Lives put at risk by new spate of arsons

arsonCL'two derelict homes burning on Elm Walk, Thurncoe, after an arson attack
arsonCL'two derelict homes burning on Elm Walk, Thurncoe, after an arson attack
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FIRE crews spent two-and-a-half hours dealing with a inferno inside two derelict homes after they were deliberately set alight in an arson attack.

Firefighters arrived to find the semi-detached homes on Elm Way, Thurnscoe, Barnsley, engulfed in flames.

The fire was so intense flames were shooting through the roof, so firefighters were banned from entering for fear of the buildings collapsing and putting crew members at risk.

Instead the blaze was tackled using an aerial ladder pump, which drenched the flames from above.

Fire bosses said although the houses were derelict and there was no risk of the flames spreading to other homes, the reckless arson attack tied firefighters up from 12.15am until 2.45am yesterday.

The incident meant they were unavailable to respond to other emergencies - putting lives at risk.

Station manager Ian French said: “We could not commit anybody inside the properties because there was a danger of the roof collapsing.

“We had to use the combined aerial rescue pump as a water tower and drench the flames from above until they were extinguished.

“Fortunately there were no other houses nearby so there was no risk of the fire spreading to any more properties.

“But we did have four appliances at the scene dealing with it which means they were potentially diverted away from a genuine life- threatening incident.

“This is another example of how arson attacks place lives in danger.

“Unfortunately derelict properties like these are vulnerable to arson.”

South Yorkshire Fire and Rescue’s Head of Community Safety Steve Makepeace, said: “Arson has fallen massively in recent years, thanks to our targeted education and prevention work.

“But we still attend around 5,000 deliberately started fires every year, with a massive cost to us and the taxpayer in South Yorkshire.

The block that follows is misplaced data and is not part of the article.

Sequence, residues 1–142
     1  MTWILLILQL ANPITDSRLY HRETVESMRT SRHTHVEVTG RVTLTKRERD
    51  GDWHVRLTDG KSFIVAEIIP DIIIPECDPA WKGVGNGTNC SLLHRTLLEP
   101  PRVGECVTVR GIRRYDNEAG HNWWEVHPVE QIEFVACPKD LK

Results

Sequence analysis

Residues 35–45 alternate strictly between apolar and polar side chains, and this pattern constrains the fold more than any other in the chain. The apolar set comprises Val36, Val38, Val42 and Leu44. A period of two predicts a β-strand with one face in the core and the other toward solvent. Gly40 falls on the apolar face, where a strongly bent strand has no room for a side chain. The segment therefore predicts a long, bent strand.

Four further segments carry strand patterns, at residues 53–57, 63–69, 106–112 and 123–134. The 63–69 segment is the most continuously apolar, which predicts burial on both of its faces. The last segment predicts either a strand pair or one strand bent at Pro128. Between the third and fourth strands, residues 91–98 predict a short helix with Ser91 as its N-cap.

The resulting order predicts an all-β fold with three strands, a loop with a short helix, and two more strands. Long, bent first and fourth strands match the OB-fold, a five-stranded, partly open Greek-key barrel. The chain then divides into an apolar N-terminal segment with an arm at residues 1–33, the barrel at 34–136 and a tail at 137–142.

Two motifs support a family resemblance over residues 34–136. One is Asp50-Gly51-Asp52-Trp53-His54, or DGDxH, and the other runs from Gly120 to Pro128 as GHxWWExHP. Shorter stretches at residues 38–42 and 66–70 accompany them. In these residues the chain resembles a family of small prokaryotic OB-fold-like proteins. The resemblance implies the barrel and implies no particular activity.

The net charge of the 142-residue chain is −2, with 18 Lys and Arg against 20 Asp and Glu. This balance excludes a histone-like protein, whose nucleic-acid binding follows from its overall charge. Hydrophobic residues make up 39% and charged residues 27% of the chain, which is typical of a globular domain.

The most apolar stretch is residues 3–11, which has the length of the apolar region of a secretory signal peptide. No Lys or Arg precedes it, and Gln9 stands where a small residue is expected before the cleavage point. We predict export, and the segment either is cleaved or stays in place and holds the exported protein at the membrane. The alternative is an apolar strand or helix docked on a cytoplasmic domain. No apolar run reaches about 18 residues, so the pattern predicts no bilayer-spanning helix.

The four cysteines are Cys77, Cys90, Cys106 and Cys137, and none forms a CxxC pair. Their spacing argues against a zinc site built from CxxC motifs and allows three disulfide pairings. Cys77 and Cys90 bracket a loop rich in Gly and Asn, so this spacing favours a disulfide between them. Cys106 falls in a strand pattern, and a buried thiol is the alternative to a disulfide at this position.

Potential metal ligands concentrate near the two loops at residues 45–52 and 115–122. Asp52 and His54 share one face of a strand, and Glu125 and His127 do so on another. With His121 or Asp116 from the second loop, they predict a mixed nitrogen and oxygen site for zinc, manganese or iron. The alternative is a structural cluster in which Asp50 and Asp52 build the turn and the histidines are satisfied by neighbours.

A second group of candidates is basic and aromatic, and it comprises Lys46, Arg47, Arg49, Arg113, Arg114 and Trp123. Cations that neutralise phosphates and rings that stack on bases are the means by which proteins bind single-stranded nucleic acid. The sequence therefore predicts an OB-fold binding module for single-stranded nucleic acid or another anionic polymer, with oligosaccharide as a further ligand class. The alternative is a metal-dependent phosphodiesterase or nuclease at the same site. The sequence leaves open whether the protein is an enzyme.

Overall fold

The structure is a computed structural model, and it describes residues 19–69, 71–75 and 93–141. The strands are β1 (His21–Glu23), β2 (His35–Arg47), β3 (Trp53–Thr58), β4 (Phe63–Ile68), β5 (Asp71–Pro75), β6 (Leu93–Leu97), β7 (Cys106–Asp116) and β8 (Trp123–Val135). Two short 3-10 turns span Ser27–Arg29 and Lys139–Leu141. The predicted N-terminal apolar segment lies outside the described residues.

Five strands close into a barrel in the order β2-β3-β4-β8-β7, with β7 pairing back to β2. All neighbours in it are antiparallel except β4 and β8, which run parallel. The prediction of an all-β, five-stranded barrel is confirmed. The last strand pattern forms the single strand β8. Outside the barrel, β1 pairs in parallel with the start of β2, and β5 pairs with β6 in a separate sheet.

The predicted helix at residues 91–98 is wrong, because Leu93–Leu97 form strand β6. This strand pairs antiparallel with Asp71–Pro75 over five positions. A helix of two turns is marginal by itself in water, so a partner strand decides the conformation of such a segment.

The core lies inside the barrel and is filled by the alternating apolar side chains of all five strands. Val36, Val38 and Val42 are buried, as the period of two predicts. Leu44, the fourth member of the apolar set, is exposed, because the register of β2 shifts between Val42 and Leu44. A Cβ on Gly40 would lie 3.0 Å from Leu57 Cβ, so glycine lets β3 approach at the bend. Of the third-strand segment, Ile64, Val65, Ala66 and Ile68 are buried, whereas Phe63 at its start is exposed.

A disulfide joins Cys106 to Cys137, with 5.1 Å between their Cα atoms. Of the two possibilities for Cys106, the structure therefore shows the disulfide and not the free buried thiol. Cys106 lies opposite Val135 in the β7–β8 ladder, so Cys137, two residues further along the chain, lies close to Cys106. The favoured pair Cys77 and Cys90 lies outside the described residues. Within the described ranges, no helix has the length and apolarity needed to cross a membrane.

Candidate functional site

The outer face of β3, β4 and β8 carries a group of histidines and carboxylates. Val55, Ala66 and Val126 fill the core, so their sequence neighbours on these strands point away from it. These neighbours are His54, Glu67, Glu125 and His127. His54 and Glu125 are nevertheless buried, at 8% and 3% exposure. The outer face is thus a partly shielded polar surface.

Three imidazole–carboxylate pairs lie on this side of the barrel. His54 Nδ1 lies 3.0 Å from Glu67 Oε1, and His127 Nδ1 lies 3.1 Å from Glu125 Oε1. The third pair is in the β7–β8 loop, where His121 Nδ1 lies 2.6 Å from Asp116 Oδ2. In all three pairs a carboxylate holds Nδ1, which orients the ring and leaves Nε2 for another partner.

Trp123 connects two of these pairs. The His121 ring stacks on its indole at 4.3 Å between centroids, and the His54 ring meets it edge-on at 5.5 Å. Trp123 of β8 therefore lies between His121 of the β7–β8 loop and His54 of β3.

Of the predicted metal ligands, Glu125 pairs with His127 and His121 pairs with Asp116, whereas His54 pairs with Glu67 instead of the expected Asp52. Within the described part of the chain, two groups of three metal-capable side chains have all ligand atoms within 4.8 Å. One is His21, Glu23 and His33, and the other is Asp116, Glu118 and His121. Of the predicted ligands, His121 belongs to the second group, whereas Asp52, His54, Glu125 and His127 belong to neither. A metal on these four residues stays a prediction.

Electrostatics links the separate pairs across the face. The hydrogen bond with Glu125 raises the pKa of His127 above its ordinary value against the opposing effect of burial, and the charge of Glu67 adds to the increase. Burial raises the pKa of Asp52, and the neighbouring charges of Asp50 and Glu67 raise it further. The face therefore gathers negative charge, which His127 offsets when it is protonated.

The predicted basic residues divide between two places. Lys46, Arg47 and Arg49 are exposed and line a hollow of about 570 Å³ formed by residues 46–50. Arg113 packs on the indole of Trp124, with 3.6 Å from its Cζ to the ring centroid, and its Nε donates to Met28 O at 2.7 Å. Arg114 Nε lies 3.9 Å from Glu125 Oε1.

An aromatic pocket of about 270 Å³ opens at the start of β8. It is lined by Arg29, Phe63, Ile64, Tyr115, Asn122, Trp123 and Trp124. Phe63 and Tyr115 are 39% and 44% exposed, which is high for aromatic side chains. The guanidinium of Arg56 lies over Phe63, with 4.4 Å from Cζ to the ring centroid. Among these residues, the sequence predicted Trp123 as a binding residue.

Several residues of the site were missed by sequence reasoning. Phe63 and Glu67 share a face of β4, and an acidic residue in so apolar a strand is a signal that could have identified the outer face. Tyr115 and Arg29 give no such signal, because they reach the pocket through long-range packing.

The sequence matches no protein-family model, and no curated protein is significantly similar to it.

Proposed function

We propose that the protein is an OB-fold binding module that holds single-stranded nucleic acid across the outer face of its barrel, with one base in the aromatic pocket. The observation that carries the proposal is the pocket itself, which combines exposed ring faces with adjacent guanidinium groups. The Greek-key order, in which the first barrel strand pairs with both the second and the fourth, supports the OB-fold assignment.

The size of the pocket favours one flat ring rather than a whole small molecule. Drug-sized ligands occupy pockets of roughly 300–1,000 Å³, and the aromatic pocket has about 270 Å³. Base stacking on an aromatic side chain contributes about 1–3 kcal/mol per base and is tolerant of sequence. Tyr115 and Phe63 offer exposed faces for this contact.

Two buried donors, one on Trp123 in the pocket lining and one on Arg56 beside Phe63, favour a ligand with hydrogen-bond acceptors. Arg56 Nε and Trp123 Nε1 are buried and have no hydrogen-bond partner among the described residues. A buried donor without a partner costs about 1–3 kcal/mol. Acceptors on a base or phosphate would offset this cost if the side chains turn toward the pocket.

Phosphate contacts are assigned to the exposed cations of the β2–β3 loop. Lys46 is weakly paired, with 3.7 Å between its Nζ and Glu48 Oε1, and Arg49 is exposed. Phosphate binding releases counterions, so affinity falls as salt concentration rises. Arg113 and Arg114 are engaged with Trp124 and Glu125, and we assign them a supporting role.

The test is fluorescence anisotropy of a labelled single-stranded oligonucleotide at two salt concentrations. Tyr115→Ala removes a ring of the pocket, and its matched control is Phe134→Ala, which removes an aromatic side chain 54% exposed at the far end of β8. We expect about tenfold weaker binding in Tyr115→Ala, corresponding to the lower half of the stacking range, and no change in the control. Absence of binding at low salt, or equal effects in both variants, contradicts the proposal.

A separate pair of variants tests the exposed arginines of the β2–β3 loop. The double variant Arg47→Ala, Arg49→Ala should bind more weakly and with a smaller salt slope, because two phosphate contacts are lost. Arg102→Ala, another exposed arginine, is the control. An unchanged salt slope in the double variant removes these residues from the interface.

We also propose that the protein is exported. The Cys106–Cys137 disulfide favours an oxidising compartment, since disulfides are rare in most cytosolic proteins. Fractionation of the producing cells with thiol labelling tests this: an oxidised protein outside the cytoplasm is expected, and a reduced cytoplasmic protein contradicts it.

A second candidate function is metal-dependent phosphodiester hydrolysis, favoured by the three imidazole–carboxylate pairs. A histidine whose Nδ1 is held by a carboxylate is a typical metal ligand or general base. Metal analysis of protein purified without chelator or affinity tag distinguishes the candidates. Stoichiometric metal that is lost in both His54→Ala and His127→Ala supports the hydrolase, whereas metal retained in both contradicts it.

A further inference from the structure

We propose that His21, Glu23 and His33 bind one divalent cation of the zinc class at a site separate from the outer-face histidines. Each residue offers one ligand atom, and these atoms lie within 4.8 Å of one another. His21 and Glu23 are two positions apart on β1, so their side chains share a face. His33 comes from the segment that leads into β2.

“We’d much rather be putting those resources into reducing deaths and serious injuries in accidental fires and on the roads.

“People maliciously starting fires can have no appreciation of the potential consequences of their actions.

“We’ve had tragedies before in South Yorkshire where people have died, either as a result of a small fire getting out of control, or because our fire engines were busy elsewhere dealing with one of these incidents.

“The public must help us, by reporting arsonists to the police, by storing rubbish and bins securely and by reporting potential arson risks to us online.

“We’d also ask that parents look out for the tell-tale signs of fire setting and contact us for advice, before it becomes a serious problem.

“These signs might include small burns around the home, matches or lighters going missing or an unusual fascination with fire.”

n People can report known arsonists, anonymously, to Crimestoppers on 0800 555 111.

Potential arson risks, such as piles of rubbish and fly tipping, can be reported at www.syfire.gov.uk

Arson attacks this week:

Rubbish fire in Monk Bretton Woods, Camborne Way, Barnsley.

Fire in manhole cover on Lidgett Lane, Dinnington, Rotherham.

Fence on Petre Street, Pitsmoor, Sheffield.

Grass in Clough Nurseries, Clough Road, Thornhill, Rotherham.

A garage on Pontefract Road, Cudworth, Barnsley.

A bin on Bisway Way, Wath upon Dearne, Rotherham.

Pile of timber, Flaxby Road, Darnall, Sheffield.